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1.  Genetics and skin aging 
Dermato-endocrinology  2012;4(3):280-284.
Skin aging is a complex process and underlies multiple influences with the probable involvement of heritable and various environmental factors. Several theories have been conducted regarding the pathomechanisms of aged skin, however fundamental mechanisms still remain poorly understood. This article addresses the influence of genetics on skin aging and in particular deals with the differences observed in ethnic populations and between both genders. Recent studies indicate that male and female aged skin differs as far as the type, the consistency and the sensitivity to external factors is concerned. The same has been also documented between elderly people of different origin. Consequently, the aging process taking place in both genders and in diverse ethnic groups should be examined separately and products specialized to each population should be developed in order to satisfy the special needs.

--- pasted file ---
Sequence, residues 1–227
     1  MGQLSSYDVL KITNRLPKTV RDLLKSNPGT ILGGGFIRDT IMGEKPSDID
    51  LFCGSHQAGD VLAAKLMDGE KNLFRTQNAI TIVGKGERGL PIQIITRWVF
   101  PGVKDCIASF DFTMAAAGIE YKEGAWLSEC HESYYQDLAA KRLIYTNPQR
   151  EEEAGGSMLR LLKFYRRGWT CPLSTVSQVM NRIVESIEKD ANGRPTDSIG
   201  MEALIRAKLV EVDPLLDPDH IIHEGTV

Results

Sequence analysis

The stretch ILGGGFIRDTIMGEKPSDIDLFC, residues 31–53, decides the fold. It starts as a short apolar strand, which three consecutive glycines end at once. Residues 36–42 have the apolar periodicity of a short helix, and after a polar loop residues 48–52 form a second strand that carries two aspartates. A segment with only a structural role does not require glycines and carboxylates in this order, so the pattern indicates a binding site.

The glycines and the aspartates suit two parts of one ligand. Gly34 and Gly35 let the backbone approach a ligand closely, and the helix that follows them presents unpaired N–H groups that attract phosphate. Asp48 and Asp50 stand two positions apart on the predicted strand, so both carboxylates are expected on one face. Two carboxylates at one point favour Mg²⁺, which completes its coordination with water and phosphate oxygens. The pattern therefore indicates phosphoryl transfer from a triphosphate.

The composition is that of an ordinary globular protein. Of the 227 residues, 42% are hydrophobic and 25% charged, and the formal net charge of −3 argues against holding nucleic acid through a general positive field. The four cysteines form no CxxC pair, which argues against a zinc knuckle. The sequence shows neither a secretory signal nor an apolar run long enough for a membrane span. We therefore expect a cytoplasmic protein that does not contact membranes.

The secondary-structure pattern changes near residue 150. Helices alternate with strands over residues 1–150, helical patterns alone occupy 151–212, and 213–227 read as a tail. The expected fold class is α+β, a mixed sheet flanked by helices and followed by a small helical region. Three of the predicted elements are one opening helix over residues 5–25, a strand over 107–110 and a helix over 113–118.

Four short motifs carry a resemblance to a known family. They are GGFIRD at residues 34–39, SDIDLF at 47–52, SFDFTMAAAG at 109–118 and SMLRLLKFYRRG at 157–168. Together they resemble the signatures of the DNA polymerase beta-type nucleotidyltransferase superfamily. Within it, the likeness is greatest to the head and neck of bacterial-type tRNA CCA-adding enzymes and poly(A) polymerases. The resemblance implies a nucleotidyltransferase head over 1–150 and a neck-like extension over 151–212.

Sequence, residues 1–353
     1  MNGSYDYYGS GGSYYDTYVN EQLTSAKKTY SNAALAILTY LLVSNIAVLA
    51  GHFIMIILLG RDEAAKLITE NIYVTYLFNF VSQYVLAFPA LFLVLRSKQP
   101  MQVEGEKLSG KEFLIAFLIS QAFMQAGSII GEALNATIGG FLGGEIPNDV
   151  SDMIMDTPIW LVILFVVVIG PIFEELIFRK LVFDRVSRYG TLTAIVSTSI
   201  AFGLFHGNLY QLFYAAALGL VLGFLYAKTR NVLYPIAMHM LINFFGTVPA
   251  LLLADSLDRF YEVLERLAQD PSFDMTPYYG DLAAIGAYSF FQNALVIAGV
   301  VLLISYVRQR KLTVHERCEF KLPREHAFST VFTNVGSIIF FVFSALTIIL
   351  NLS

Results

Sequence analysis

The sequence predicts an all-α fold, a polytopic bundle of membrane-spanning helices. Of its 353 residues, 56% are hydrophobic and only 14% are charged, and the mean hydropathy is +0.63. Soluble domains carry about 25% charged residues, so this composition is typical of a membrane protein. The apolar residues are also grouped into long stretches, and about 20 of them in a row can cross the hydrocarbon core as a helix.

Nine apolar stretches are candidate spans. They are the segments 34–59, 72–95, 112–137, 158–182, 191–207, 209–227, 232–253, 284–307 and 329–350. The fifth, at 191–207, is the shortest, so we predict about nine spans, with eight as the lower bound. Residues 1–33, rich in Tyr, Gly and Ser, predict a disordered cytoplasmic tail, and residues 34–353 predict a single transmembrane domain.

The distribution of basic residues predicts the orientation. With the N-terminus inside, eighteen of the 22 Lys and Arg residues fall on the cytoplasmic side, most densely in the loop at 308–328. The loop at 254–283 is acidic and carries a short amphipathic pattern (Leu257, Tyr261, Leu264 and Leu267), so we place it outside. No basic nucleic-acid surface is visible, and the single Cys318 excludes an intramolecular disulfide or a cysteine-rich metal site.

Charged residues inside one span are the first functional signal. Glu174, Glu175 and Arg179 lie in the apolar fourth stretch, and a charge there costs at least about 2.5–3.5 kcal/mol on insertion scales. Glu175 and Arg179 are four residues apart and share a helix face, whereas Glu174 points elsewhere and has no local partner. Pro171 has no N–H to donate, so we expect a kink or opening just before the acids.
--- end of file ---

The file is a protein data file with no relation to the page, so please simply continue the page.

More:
PMCID: PMC3583889  PMID: 23467395
skin; aging; genetics; gender; biomarkers; ethnic differences
2.  Cutaneous infection by Mycobacterium haemophilum and kansasii in an IgA-deficient man 
BMC Dermatology  2011;11:3.
The prevalence of infections by nontuberculous mycobacteria (NTM) has steadily increased over the past decades, especially in immunocompromised patients.
Case presentation
We present a patient with IgA-deficiency and mixed cutaneous infection by two slowly growing mycobacteria, Mycobacterium (M.) haemophilum and M. kansasii.
Cutaneous M. haemophilum infections most often result from HIV or transplantation-associated immunosuppression. Rarely, M. haemophilum may also infect healthy patients or iatrogenically immunosuppressed patients without transplantation. M. kansasii is one of the most frequent NTM and large awareness exists about its involvement in human diseases. Mycobacterial diagnosis of cutaneous infections should be considered in long-lasting skin lesions.
PMCID: PMC3038168  PMID: 21269422

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